Frontiers in Environmental Science
Frontiers Research Foundation
rivers, arid lands, climate change, flow regime, native species, environmental flow (e-flow)
Creative Commons License
This work is licensed under a Creative Commons Attribution 4.0 License.
Desert riverscape rehabilitation practitioners must contend with compounding effects of increasing human water demand, persistent drought, non-native species establishment, and climate change, which further stress desert riverine ecosystems such as rivers in the Colorado River basin, United States. Herein, we provide our perspective on the importance of natural flows, large floods in particular, for successful conservation and rehabilitation of riverscapes. We present ideas developed from our experience with rehabilitation projects across multiple desert tributary rivers with varying levels of habitat degradation and water abstraction. We propose spatially extensive measures such as protection of in-stream flows, tailoring rehabilitation efforts to available annual water availability, and working with nature using low-tech process-based techniques to more completely address the mechanisms of habitat degradation, such as flow reduction and vegetation-induced channel narrowing. Traditionally, rehabilitation efforts in the Colorado River basin take place at relatively small spatial extents, at convenient locations and, largely focus on reducing non-native plant and fish species. We suggest that we need to think more broadly and creatively, and that conservation or recovery of natural flow regimes is crucial to long-term success of almost all management efforts for both in-stream and riparian communities.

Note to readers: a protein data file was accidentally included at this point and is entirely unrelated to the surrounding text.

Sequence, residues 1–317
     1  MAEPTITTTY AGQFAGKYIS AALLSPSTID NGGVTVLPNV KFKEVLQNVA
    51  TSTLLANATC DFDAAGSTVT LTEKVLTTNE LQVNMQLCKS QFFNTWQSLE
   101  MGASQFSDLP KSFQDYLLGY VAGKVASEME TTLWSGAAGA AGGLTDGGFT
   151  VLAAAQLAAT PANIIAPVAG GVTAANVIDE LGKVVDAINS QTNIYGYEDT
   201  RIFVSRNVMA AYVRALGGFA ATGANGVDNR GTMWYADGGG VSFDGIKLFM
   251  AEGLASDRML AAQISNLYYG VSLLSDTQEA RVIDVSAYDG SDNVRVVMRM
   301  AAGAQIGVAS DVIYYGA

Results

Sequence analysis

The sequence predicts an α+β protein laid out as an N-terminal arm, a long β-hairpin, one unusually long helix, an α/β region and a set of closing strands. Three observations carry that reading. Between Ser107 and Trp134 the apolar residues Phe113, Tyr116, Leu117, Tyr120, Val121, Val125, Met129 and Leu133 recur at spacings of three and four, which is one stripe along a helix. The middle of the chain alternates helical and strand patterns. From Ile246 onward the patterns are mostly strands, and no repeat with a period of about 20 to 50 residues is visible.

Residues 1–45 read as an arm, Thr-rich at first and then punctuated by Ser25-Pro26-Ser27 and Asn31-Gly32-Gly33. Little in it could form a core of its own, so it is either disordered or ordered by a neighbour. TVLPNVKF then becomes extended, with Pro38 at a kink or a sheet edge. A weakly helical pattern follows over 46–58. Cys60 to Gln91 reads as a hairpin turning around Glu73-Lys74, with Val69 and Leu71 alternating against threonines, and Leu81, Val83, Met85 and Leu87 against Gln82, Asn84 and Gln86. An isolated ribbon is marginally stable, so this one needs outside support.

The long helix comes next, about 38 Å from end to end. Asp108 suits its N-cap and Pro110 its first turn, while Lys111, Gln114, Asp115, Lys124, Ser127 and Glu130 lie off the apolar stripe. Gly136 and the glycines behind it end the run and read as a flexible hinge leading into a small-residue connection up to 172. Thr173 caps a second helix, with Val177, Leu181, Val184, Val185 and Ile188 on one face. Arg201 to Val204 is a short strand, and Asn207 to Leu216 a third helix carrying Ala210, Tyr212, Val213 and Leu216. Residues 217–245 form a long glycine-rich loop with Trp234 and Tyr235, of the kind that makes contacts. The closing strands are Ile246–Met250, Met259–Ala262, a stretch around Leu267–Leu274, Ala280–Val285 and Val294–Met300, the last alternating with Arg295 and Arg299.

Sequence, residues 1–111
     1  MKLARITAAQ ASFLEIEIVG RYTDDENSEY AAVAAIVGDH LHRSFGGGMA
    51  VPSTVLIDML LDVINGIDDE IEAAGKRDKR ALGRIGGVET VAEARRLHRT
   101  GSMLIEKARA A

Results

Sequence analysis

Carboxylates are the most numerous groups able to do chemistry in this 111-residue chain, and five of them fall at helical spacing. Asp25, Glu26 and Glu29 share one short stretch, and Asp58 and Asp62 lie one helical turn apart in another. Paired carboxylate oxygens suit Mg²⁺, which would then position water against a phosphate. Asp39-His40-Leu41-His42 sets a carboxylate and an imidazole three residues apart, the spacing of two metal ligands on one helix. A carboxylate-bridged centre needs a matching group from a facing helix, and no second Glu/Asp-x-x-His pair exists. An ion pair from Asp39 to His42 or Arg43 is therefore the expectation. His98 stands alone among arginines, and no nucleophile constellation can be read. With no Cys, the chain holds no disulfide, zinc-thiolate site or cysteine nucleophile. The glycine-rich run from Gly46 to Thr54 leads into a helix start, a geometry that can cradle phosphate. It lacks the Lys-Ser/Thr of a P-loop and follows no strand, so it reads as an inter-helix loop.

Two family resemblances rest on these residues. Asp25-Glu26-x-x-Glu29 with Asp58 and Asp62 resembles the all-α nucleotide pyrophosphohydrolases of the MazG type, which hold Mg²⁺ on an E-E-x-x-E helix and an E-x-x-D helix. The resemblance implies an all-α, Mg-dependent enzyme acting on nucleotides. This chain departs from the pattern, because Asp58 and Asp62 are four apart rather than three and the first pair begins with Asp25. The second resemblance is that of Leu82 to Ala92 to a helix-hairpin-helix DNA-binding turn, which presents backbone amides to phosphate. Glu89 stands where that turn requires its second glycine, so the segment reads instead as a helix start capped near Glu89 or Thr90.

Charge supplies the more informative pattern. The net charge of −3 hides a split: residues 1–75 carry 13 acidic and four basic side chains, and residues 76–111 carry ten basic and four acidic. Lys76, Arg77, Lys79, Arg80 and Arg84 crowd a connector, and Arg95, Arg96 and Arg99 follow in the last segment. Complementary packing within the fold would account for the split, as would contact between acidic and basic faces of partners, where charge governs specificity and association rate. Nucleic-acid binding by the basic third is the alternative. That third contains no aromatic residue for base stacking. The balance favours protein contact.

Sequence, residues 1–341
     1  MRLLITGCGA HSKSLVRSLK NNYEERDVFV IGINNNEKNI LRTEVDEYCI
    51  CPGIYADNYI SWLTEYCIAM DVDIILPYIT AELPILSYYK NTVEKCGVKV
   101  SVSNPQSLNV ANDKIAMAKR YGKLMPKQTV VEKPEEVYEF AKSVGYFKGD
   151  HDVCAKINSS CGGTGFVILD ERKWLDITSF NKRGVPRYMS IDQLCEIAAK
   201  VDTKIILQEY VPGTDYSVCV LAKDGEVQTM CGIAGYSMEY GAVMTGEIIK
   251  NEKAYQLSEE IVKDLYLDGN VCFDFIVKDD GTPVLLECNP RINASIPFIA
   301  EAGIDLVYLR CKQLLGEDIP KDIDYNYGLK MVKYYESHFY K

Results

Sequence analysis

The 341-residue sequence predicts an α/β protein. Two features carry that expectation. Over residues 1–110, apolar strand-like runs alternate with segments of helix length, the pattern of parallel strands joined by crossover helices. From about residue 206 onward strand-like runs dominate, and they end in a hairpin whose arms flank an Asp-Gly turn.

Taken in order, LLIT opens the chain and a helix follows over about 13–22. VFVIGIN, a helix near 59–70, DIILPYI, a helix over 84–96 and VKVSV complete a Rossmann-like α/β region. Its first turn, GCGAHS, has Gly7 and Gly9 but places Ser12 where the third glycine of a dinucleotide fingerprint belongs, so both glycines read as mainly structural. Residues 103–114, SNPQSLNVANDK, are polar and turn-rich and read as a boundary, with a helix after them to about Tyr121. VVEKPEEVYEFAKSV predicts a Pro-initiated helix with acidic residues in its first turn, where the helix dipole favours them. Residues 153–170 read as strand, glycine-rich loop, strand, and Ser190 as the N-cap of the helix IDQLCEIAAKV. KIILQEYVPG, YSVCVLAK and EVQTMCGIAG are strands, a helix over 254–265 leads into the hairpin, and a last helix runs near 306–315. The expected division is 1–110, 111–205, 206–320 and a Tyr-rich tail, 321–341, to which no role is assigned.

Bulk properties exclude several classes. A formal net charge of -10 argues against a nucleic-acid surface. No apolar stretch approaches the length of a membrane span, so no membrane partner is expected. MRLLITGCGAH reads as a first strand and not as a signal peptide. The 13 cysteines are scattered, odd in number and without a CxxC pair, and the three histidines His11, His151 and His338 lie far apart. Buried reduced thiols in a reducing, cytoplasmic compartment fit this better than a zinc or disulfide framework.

Pennock CA, Budy P and Macfarlane WW (2022) Effective Conservation of Desert Riverscapes Requires Protection and Rehabilitation of In-Stream Flows With Rehabilitation Approaches Tailored to Water Availability. Front. Environ. Sci. 10:870488. doi: 10.3389/fenvs.2022.870488